New Report Outlines Deep Public Distrust of Federal Government

23 Nov 2015 | Author: | No comments yet »

Debating the debates: Do they even matter?.

“If there’s a rabid dog running around your neighborhood, you’re probably not going to assume something good about that dog, and you’re probably going to put your children out of the way. . . . Each party has one more — the GOP Dec. 15 in Las Vegas and the Democrats Dec. 19 in Manchester, N.H. — before the 2016 primary season will be in full swing. Republicans scored a big upset in the Kentucky governor’s race and held the state Senate in Virginia by one seat, but Democrats took control of Pennsylvania’s Supreme Court.

While some contend debates are a critical part of the vetting process for the nation’s highest office, others say debates are little more than a highly orchestrated waste of everyone’s time because our system ensures that most presidential elections are decided before candidates face off on a lighted stage. Hopefully they can come and take this dog away and create a safe environment once again.” $100,000 The cost of a ticket for a couple to attend a rock concert hosted by Sting next month benefiting Democratic presidential candidate Hillary Clinton. 54% Americans who say in a new Washington Post-ABC News poll the United States should not take refugees from Syria and other parts of the Middle East, even if they are screened for security. Ballot measures throughout the nation were equally mixed as a pro-LGBT initiative failed in Houston, a clean elections referendum passed in Maine, and a flawed marijuana regulatory regime was handily rejected in Ohio.

Americans are fearful of another terrorist attack after what happened in Paris, and they’re largely distrustful of President Obama’s ability to prevent one. Republicans turned the election into a referendum on terrorism. “We are not yet safe,” Vice President Dick Cheney declared. “Threats are still out there. The terrorists are still plotting and planning, trying to find ways to attack the United States.” Democrats accused Republicans of exploiting fear. “A true leader inspires hope and vanquishes fear,” Senator Edward Kennedy (D-Mass.) said. “This administration does neither.

Just 45 percent of Democrats said in that same poll they have only a “fair” or “no” amount of faith in their government to prevent terror attacks at home. Vox’s Matt Yglesias called the loss in Virginia a “disaster.” Molly Ball at the Atlantic declared that Democrats’ efforts on social issues have doomed their electoral chances. Instead, it brings fear.” Last week, President Barack Obama charged that Republicans “have been playing on fear in order to try to score political points or to advance their campaigns.” But the fear is real. The numbers speak to a broader disarray within the Democratic Party about the path forward after Paris: This week, 47 House Democrats rebuffed Obama and joined Republicans to vote for a bill that would severely limit the president’s ability to place 10,000 Syrian refugees in the country next year.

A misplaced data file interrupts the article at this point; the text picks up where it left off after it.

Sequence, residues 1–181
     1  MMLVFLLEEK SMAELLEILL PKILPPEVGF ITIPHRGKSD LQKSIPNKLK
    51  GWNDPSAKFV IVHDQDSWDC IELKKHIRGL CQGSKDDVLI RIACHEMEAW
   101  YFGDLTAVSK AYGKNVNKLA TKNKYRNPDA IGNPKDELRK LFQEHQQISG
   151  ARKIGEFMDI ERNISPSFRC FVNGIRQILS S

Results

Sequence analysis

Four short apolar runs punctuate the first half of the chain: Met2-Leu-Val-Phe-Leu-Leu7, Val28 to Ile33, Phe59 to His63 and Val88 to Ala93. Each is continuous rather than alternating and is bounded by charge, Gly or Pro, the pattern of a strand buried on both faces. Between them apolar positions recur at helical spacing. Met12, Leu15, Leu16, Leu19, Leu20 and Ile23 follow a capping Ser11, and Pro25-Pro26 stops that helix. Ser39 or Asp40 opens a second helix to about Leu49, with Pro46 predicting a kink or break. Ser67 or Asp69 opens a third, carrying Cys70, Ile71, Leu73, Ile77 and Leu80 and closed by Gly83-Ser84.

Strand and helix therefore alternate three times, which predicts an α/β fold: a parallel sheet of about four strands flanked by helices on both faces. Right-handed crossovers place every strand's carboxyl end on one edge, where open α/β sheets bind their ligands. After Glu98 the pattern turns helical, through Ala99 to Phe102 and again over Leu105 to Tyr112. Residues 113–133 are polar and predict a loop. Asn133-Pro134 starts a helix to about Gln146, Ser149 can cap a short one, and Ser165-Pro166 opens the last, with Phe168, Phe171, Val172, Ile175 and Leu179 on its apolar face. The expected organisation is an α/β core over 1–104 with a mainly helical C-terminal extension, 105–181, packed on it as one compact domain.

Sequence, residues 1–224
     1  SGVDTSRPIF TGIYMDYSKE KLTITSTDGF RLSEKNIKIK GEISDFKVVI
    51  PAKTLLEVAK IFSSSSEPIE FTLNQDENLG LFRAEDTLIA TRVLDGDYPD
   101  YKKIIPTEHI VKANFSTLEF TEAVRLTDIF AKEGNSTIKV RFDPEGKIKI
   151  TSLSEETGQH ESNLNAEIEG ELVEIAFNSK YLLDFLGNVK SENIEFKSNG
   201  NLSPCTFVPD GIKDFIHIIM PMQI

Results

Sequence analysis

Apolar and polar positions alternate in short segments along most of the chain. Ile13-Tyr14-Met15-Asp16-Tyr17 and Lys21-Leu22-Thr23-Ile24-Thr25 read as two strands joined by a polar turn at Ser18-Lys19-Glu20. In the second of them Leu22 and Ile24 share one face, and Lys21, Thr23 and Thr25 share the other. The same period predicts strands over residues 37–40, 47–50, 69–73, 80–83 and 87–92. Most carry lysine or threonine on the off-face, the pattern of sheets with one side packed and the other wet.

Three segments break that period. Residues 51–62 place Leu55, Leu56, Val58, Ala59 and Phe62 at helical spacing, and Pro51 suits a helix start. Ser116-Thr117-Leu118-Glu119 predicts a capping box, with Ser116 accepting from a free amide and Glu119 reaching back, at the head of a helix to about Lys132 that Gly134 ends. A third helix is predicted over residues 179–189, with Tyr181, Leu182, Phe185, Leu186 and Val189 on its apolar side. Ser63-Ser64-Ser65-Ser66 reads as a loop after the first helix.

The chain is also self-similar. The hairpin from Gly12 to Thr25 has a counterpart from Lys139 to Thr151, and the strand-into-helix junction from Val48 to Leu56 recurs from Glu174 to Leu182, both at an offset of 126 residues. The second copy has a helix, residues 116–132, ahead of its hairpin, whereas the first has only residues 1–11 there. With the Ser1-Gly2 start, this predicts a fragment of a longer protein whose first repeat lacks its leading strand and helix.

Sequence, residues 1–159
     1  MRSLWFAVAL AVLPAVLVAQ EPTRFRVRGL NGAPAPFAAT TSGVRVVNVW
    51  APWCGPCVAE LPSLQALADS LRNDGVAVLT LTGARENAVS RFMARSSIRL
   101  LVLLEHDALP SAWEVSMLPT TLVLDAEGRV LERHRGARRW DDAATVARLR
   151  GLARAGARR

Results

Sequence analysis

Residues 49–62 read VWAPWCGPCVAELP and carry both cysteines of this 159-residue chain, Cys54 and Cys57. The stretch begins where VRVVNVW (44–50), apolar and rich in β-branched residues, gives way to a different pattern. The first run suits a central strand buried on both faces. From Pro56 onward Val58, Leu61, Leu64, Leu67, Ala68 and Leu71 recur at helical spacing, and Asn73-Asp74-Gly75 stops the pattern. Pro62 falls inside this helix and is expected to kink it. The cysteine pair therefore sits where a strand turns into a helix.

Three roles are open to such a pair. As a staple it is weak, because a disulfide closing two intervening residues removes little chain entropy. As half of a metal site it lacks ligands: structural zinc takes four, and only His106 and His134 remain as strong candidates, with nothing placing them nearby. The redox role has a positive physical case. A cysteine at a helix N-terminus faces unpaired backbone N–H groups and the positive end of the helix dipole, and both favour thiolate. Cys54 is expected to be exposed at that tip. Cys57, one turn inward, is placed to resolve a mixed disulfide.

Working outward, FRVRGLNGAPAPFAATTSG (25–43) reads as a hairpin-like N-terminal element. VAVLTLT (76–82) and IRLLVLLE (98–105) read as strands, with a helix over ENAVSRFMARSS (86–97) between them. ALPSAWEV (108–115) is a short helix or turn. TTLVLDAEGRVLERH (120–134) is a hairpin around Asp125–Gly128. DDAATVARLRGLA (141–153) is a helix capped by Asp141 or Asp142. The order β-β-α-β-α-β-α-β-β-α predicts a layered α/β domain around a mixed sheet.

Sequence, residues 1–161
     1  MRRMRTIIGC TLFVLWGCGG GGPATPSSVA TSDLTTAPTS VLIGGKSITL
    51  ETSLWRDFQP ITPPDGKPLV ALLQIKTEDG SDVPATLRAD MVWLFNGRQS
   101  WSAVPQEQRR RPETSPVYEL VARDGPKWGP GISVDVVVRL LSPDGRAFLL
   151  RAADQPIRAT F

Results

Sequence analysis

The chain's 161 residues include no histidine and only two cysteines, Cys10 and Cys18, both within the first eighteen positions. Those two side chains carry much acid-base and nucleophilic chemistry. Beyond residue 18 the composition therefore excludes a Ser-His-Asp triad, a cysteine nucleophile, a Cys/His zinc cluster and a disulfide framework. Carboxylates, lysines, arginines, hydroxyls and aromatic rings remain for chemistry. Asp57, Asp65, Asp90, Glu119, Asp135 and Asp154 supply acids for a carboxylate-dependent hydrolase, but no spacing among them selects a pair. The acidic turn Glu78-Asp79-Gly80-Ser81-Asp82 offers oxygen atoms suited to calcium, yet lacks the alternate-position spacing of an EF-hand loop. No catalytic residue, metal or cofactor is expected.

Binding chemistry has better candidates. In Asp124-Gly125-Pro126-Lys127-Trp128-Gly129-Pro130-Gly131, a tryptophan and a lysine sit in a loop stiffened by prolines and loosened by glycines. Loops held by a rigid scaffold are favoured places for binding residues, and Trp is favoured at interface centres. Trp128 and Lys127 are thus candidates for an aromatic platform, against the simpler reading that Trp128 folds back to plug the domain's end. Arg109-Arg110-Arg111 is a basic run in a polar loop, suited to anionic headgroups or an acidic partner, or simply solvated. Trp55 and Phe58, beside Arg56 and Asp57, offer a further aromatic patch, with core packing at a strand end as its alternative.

One viral tweet stated that, “Under President Obama, Democrats have lost 900+ state legislature seats, 12 governors, 69 House seats, 13 Senate seats. That’s some legacy.” While not exactly false, it ignores the nationwide wave of Obama’s 2008 campaign, which gave Democrats historic margins in Congress. Debate viewers get to know each candidate a little better, in the way we will know them if they should become president — as a TV personality, for lack of a better term. The fact is, like so many Americans, I rely on the debates to form my opinion about candidates — both in the policies and positions they take and who they are as people. The hyperbole surrounding the results of the 2015 election masks the fact that while Republicans have indeed racked up major gains in practically every level of government under President Obama, it’s only been the result of major progressive change.

And especially when we are talking about primaries, where the candidates have similar political philosophies and policy agendas, as I assess the candidates I’m not solely interested in their policy prescriptions. Furthermore, any alternative scenario where Barack Obama played it safe and didn’t try to reform our healthcare system or otherwise enact his progressive agenda would have likely been deemed a failure by Democratic standards, regardless of electoral outcomes. The candidates say they’re doing their due diligence to keep Americans safe from a new terror threat that has risen from the ashes in war-torn Syria.

Put another way, Democrats under Barack Obama have long faced a choice: either govern modestly and enjoy electoral success, or push the boundaries of progress and suffer the blowback. French President Francois Hollande promised, “France will be merciless against the barbarians of death.” He said his country would fight “without a respite, without a truce… It is not a question of containing but of destroying” Islamic State.

You can bet Democrats are writing down the comments Republican candidates made last week about Muslims and refugees to bring up in the general election next year. To see what the world may have looked like had Obama chosen the more moderate path, just examine the previous Democrat in the Oval Office: Bill Clinton.

In his first two years, President Clinton chose the progressive route, leading a Democratic Congress in raising taxes on the wealthy, passing family medical leave, better regulating gun purchases, banning assault weapons, creating AmeriCorps, and addressing domestic violence through the Violence Against Women Act. The Democratic nominee will have to run on Obama’s record. “Hillary Clinton can’t walk away from President Obama’s failing ISIS strategy because she helped craft it and even praised it,” a spokesman for the Republican National Committee said. Former President Bill Clinton had warned his fellow Democrats, “Strong and wrong beats weak and right.” Nevertheless, there are reasons why it may be different in 2016.